Next-generation sequencing (NGS) should be used for all patients with newly diagnosed lung cancer to identify the most personalized treatment approaches, some of which are becoming available for patients with ROS1-positive disease, said Deepa S. Subramaniam, MBBS, MSc.
In ROS1-positive non–small cell lung cancer (NSCLC), crizotinib (Xalkori) is the only FDA-approved drug; however, others have shown promise in recent clinical trials.
For example, in the ongoing, phase I/II TRIDENT-1 study, repotrectinib (TPX-0005) demonstrated a clinically meaningful and durable benefit across multiple doses in patients with ROS1-positive NSCLC. Overall response rates (ORRs) were 80% (95% CI, 44%-97%) for TKI-naïve patients and 18% (95% CI, 4%-44%) for TKI-refractory patients, including 33% for those who received a dose of 160 mg once daily. A range of solid tumors were treated, with the most common being NSCLC (83%).
In an interview with OncLive® at the 2018 State of the Science Summit™ on Advanced Non–Small Cell Lung Cancer, Subramaniam, director, Multidisciplinary Thoracic Oncology Clinic, director, Brain Tumor Center, MedStar Health, discussed the complex and evolving treatment paradigm of BRAF- and ROS1-driven NSCLC.
OncLive: Please provide an overview of your presentation.
Subramaniam: In ROS1-directed cancers, the only approved drug at this point is crizotinib. However, we have a lot of exciting new drugs in development, and there are 3, specifically, that are notable. Entrectinib, lorlatinib (Lorbrena), and repotrectinib are these drugs.
Entrectinib has already completed its basket trial of ROS1-positive cancers, and it does appear to have a superior duration of response and progression-free survival (PFS) to crizotinib. It is likely this drug will be approved for treatment-naïve patients with ROS1-positive NSCLC. However, this treatment is not particularly effective in those who have received prior crizotinib. I think this drug is going to be used as a frontline treatment. We are still waiting to hear data about repotrectinib.
In BRAF-positive patients, there has not been a whole lot of movement in the field, but we do have a viable combination emerging: dabrafenib (Tafinlar) and trametinib (Mekinist). There is a 64% ORR in this patient population. There are not a lot of other combinations at this point. Therefore, we would probably have to treat these patients as if they do not have a driver mutation.
What is the importance of performing a full-gene panel test in patients?
Certainly, with the driver mutations that I mentioned, these are commonly in the panel of testing in most institutions. There are FDA-approved therapies for these targets. What is most important is targeting the mutations for which we do not have therapies. MET and RET fusions are among these. They are rare, but if you look at the greater scope of lung cancer, about 60% to 70% of patients have some sort of oncogenic driver. There are innumerable clinical trial options for these patients. It is crucial for all newly diagnosed patients to undergo NGS.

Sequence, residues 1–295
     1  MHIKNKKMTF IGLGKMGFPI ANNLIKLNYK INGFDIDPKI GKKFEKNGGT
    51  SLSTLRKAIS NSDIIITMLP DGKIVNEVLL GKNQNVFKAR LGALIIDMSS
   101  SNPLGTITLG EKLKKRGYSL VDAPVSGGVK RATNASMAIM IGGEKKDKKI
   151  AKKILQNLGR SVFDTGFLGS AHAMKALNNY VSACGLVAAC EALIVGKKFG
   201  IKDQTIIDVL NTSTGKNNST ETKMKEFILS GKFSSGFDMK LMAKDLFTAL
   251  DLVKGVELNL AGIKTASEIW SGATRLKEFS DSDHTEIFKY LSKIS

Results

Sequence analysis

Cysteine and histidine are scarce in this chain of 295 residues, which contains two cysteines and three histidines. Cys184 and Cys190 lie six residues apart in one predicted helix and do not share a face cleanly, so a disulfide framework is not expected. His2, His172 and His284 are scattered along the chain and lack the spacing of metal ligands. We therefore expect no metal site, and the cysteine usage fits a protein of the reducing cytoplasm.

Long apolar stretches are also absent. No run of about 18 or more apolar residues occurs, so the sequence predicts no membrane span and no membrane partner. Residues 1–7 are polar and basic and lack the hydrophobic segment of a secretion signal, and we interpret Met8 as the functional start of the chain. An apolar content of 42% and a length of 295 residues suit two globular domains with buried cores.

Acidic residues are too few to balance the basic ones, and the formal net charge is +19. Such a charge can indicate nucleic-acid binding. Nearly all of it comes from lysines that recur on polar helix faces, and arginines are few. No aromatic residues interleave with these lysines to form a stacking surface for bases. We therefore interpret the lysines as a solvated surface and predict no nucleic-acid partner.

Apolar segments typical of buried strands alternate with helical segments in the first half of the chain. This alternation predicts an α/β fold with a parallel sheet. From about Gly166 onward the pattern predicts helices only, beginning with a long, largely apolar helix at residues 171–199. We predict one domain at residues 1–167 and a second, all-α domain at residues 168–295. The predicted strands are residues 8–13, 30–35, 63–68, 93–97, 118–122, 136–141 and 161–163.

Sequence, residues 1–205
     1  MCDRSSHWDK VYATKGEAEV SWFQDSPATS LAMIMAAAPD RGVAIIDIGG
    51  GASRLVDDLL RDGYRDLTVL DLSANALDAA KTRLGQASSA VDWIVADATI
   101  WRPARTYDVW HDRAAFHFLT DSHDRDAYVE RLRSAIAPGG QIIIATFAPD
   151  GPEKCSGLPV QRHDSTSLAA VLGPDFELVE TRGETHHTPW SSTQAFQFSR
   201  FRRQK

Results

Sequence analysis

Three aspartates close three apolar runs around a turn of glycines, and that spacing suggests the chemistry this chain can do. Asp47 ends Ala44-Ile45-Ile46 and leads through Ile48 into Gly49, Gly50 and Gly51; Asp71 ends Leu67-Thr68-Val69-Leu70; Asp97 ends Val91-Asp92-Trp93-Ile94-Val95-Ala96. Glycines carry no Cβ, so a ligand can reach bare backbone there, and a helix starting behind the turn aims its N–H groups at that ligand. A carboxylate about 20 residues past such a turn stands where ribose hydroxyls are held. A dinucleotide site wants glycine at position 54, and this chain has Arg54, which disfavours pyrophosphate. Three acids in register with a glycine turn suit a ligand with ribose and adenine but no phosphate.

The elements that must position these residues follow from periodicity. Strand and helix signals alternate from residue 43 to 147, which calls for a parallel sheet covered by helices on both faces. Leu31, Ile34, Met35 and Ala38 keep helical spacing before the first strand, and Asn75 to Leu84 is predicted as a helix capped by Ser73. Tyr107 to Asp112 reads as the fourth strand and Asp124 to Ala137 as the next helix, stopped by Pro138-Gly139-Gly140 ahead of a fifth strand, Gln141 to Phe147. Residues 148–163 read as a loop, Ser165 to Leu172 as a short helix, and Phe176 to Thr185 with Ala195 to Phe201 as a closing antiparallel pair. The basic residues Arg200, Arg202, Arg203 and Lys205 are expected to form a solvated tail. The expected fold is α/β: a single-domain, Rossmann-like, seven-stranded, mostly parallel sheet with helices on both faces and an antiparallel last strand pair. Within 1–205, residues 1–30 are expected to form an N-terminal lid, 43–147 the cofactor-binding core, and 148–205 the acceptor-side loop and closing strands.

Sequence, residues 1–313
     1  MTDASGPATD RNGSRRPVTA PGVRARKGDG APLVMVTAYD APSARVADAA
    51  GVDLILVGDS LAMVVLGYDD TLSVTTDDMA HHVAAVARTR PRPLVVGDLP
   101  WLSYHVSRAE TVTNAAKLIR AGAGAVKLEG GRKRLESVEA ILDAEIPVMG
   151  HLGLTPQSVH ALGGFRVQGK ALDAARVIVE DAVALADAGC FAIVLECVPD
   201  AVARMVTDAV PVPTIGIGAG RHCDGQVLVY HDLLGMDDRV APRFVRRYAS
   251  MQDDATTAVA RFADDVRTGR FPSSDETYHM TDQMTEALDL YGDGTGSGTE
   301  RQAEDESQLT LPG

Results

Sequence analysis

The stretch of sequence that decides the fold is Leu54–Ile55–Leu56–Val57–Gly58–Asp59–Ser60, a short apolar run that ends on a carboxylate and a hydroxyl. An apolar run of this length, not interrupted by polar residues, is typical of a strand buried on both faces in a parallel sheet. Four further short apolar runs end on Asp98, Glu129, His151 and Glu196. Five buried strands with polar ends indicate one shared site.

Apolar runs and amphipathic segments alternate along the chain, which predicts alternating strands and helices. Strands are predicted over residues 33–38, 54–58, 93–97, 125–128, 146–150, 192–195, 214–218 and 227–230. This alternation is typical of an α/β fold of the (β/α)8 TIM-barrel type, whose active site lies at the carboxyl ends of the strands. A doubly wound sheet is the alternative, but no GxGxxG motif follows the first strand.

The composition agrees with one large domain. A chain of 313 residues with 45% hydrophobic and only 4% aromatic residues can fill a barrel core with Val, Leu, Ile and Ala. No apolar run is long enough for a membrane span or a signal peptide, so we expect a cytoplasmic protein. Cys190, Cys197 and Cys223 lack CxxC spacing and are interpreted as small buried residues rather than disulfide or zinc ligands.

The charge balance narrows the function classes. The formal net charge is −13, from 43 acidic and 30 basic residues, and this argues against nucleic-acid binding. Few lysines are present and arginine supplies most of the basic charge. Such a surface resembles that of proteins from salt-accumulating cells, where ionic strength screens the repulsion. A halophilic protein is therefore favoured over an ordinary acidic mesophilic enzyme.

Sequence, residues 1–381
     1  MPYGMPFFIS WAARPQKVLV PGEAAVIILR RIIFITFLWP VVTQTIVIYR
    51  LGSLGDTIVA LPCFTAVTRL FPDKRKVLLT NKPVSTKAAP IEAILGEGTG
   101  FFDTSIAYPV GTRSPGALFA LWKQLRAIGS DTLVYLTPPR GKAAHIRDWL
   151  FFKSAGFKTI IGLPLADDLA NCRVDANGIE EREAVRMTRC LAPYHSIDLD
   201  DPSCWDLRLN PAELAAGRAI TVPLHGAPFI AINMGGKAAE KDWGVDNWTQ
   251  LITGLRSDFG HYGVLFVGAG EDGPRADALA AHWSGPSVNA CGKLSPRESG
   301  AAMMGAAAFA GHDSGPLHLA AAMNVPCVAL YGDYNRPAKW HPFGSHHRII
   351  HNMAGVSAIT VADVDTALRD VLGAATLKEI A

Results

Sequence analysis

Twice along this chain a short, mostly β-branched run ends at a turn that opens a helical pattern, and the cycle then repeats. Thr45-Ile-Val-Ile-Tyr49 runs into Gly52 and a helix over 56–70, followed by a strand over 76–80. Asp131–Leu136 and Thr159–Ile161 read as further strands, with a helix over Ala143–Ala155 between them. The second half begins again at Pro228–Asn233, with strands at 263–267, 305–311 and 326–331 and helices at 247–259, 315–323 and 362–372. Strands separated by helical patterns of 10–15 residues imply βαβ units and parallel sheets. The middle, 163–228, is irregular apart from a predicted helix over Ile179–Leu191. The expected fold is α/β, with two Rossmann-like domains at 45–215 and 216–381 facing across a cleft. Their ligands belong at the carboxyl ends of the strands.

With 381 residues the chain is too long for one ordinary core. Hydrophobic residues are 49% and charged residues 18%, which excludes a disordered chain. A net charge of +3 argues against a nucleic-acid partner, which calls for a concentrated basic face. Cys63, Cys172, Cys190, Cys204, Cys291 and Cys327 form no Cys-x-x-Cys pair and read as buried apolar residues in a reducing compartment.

Could you share insight on some of the data with entrectinib and lorlatinib?
With regard to entrectinib, we saw a median PFS of a little more than 2 years. With lorlatinib, there were only 34 patients tested. It was primarily a study focusing on ALK-positive NSCLC, and a heterogeneous cohort study of mostly treatment-naïve patients. Where I see the data going is that entrectinib might replace crizotinib as a frontline therapy for patients with ROS1-positive NSCLC. We do know that entrectinib is not very active in patients previously treated with a TKI.
There may also be a role for cabozantinib (Cabometyx), which is approved in a few other cancers. This is a multikinase inhibitor that seems to have activity against the G2032R mutation in ROS1-positive NSCLC. As we learn more about these cancers and develop an optimal sequence, we might see there is a role for all of these agents.
How do you see treatment changing for these cancers with less common driver mutations?
We just saw the first FDA approval for a targeted therapy directed to a molecular alternation rather than a disease-specific group. We will see more approvals of drugs like this. For example, the trial where entrectinib was tested included patients of all ROS1-positive cancers, not just lung cancer. We see multiple solid tumors enrolled in these studies. It does not seem that these drugs are effective only in specific diseases; the magnitude of the benefit may vary. We will see an explosion of approvals for targeted therapies for driver mutations, not specific diseases.
What would be your advice to an oncologist treating patients with these rare drivers?
The most important thing is to first look for FDA-approved drugs, if there are any. Clinical trial referral is the next most important thing. Even though there may be an approved drug already, there may be drugs in clinical trials that work better. I had a patient with newly diagnosed ROS1-positive NSCLC with brain metastases. I could give her a ROS1 inhibitor, but I know that that crizotinib is not a good central nervous system (CNS) drug. We would have to do brain radiation before starting crizotinib. Instead, I would enroll this patient on a trial with entrectinib because we believe entrectinib has good CNS activity.
Lin J, Kim D, Drilon A, et al. Safety and preliminary clinical activity of repotrectinib (TPX-0005), a ROS1/TRK/ALK Inhibitor, in advanced ROS1 fusion-positive NSCLC. In: Proceedings from the IASLC 19th World Conference on Lung Cancer; September 23-26, 2018; Toronto, Canada. Abstract OA02.02.